Dones are those who still believe in Jesus, but are finished with church. Here is one perspective followed by my own reflection on why Dones exist and are growing:
HT: Tim Challies
Lots of wisdom in three minutes: https://vimeo.com/35598949
J. Todd Billings is the Gordon H. Girod Research Professor of Reformed Theology at Western Theological Seminary in Holland, MI. He is an award-winning author of various books including Union with Christ: Reframing Theology and Ministry for the Church http://bakerpublishinggroup.com/books/union-with-christ/327520.
Todd’s latest book, Rejoicing in Lament: Wrestling with Incurable Cancer & Life in Christ http://bakerpublishinggroup.com/books/rejoicing-in-lament/349560 framed this interview.
Moore: Please give our readers a sense of why Rejoicing in Lament is not the kind of book you thought you would ever write.
Billings: At age 39, married and with two children ages 1 and 3, a diagnosis of incurable cancer seemed unimaginable. I never imagined that I would write Rejoicing in Lament because it’s not how I imagined my life-story. Of course, throughout my life I’ve imagined all sorts of possibilities about my death. Reading novels and watching films can make you go there. But a cancer diagnosis is an odd way to enter into dying: it’s a bit like a death-sentence, but one that may come soon or relatively far down the road. It’s unpredictable.
After my diagnosis, my feeling was not of self-pity, as much as of lament. I lamented for my children in particular. My prayer was an adaptation of Psalm 102: Why, O Lord, would you take away their dad midcourse through their childhood? I’m incredibly grateful for the gift of life, and the goodness the Lord has lavished upon me in 40 years. I recognize that many people never live to 40. But my love for my family drove me to lament.
Lamenting with the Psalms led me down a path that I never expected to walk. The psalmists led me to ask questions like: “O Lord, why do you cast me off? Why do you hide your face from me?” (Ps. 88:14) What are we to make of apparently “senseless” suffering and death, in light of God’s promise? And ultimately: how do our stories of suffering — with all of the broken edges — fit into the story of God in Christ? These are not abstract questions, but ones that I asked with urgency in the early days of my diagnosis and they are the questions that guide the pages of Rejoicing in Lament.
Moore: From my own ministry and personal suffering I know that no two sufferers are identical in what best brings comfort. We all desire compassion and a confidence that there is “a bigger purpose,” but how that is all conveyed varies from person to person. For example, some people want to talk about things while too much talk exhausts others. To further complicate matters the same person can be encouraged one day by something, which another day brings discouragement, even anger. Help us to better navigate these tricky waters.
Billings: Each path of suffering is its own. For some, the suffering comes through a traumatic event. For others, it’s the dripping faucet of anxiety, eating away at one’s well-being day by day. So, we need to get over the idea that there is one “perfect thing to say” to anyone who is suffering, because the paths of suffering are diverse.
So, my general advice is this: Be present. Listen. Pray. And pray, specifically, with the Psalms. Don’t try to be the hero to someone who is suffering by trying to fix everything yourself. And don’t assume that the person just wants to weep or mourn. They may want to laugh. They may want to tell stories about good times, or make jokes. You won’t know if you set the agenda for the conversation and fail to be present and listen first. After my cancer diagnosis, my own feelings were beyond my own ability to express. I was incredibly grateful for each moment; and yet I was overwhelmed with the physical and emotional effects of the intensive chemotherapy. And yet simultaneously I was also lamenting for my family. Paul says we are to “Rejoice with those who rejoice; weep with those who weep” (Rom. 12:15). I used to think that the rejoicing and the weeping are two different sets of people. But for many who are suffering, they are both at the same time.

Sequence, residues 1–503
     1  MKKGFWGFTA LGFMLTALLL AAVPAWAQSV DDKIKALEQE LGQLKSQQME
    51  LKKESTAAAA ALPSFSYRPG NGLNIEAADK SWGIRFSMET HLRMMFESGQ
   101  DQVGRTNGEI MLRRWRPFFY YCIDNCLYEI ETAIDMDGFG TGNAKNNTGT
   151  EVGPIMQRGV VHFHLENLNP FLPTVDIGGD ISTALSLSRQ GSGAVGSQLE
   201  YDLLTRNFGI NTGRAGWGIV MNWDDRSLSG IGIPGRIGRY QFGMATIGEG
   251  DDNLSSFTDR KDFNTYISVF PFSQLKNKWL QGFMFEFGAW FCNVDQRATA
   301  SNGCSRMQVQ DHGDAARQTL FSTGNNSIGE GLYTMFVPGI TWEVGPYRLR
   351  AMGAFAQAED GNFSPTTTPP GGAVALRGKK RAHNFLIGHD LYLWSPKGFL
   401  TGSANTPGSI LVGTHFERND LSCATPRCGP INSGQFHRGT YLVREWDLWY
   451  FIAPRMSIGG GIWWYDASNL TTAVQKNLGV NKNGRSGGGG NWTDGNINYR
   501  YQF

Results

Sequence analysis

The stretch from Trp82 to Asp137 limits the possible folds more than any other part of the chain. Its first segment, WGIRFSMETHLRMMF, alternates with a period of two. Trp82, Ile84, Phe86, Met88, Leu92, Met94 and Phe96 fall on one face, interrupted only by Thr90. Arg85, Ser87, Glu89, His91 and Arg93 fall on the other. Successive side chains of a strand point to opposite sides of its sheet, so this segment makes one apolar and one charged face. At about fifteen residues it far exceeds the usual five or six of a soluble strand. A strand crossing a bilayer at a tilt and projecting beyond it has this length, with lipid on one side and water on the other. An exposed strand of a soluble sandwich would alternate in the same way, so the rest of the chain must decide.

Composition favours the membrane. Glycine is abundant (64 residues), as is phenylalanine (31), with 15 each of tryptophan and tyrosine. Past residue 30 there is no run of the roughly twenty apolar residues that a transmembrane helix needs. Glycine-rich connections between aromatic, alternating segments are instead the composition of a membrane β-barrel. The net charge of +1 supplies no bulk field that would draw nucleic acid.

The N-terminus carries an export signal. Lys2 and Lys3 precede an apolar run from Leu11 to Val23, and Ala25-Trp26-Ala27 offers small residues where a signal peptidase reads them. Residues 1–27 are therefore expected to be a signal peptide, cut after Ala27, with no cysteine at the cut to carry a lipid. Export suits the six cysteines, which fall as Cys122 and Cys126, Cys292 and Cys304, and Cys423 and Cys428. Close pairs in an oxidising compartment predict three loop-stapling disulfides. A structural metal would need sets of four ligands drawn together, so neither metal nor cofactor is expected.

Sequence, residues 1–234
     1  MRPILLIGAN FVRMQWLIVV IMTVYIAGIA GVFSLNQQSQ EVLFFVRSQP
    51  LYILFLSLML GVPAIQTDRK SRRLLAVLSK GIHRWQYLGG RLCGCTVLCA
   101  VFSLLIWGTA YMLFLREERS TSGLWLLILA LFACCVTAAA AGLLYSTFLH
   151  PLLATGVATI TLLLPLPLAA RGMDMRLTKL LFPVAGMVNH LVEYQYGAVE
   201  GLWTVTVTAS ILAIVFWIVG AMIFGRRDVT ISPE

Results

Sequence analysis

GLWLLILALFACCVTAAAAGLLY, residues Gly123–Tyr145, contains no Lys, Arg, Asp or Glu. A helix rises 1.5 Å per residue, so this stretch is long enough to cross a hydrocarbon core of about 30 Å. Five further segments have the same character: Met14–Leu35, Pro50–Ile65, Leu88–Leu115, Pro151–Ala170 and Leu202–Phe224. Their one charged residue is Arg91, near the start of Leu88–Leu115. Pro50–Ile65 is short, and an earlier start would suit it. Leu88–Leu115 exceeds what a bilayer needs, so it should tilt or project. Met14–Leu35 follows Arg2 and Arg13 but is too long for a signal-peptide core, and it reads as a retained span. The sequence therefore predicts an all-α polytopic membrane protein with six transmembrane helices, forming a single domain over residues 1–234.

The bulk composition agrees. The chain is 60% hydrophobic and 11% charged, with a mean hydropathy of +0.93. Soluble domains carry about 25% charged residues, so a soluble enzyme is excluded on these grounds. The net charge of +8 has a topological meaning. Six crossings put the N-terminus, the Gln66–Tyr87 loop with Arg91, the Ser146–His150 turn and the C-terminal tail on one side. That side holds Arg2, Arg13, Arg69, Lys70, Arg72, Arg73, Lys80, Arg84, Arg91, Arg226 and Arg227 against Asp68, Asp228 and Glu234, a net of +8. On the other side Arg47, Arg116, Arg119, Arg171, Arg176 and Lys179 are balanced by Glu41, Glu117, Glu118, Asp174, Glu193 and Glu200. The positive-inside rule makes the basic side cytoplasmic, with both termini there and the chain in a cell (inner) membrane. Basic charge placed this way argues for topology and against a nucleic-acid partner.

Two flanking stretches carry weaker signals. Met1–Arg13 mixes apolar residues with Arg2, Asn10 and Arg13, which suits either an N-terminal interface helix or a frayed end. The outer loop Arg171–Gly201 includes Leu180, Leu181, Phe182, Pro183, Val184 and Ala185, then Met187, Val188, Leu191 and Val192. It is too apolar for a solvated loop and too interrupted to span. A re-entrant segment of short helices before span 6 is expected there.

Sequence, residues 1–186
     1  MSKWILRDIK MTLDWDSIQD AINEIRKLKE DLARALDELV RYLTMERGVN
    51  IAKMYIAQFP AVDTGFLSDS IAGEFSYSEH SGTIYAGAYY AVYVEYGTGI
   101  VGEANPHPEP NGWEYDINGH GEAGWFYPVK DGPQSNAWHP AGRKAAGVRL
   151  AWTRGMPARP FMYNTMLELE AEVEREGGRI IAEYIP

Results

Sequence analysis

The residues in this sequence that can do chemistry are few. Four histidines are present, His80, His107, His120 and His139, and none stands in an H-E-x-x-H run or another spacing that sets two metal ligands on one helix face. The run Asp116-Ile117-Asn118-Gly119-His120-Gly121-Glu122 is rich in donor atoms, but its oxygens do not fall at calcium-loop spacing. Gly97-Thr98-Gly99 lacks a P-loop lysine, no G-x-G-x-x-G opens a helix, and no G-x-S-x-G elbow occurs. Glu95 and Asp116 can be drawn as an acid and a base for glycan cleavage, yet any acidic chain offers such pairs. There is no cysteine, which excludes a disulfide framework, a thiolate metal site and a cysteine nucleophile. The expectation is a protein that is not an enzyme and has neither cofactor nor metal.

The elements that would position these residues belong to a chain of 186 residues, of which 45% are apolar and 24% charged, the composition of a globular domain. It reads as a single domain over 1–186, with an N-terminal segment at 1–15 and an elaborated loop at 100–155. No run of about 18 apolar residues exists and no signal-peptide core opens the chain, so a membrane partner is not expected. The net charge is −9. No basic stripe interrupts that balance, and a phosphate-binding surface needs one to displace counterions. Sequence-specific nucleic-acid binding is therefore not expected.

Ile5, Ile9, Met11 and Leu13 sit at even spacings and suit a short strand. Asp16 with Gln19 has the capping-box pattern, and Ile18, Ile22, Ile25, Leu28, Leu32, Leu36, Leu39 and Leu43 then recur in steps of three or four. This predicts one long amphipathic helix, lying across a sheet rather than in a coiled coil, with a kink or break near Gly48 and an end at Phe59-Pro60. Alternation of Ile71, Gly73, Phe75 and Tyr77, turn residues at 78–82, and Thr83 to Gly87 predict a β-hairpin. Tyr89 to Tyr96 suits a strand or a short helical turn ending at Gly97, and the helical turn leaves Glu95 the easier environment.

Pray. We cannot handle a calamity on our own. Advice won’t fix a crisis. And talk can be cheap in the end. Praying on behalf of someone else is an incredible gift, bringing them before the Almighty even if they may feel too weak or overwhelmed to go there by themselves. And pray the Psalms. The Psalms keep us away from prayers that can sound cliché or sentimental to the sufferer. They are the real deal. They come before God in trust in a way that brings our whole, complex range of emotions into the presence of our gracious Lord.
Moore: You make it clear that we need to disabuse ourselves of thinking there is a satisfying answer to suffering this side of eternity. Job, of course, makes that case quite convincingly. In light of our limited understanding, how do we cultivate confidence that God truly is loving, kind, and has our best intentions in mind?
Billings: I work with the problem of suffering, or the problem of evil, in several chapters in the book. In sum, I think that scripture teaches that we should not give a theoretical answer to the problem. The answer lies beyond human wisdom. In saying that, I’m not saying, “the Bible addressed it, but didn’t come up with an answer.” No. I’m saying that as the Bible addresses the problem of evil (in the book of Job, for example), we are taught that we should not pretend we know God’s mind about why he would allow evil and suffering.
Instead of a theodicy, scripture gives us a prayer book. The Psalms shape our response to evil through laments, which focus our eyes upon God’s promise to make things right, even when things are a mess and through thanksgiving, which rightly recognizes that we are not “entitled” to good things, but the goods of creation and redemption come from the gracious hand of God. I think that we cultivate our confidence in God and his promise through prayer, through worship – feeding upon Christ by Word and Sacrament in community – and through compassionate service. As I say at one point in the book, “we should not pretend that we are the authors of history who can say what reasons could possibly justify this [evil]. We don’t know. But there is one thing that Christians know without a doubt: that suffering and evil require our compassionate response.”
Moore: Pardon the length of my thoughts here, but I think it is necessary for this one.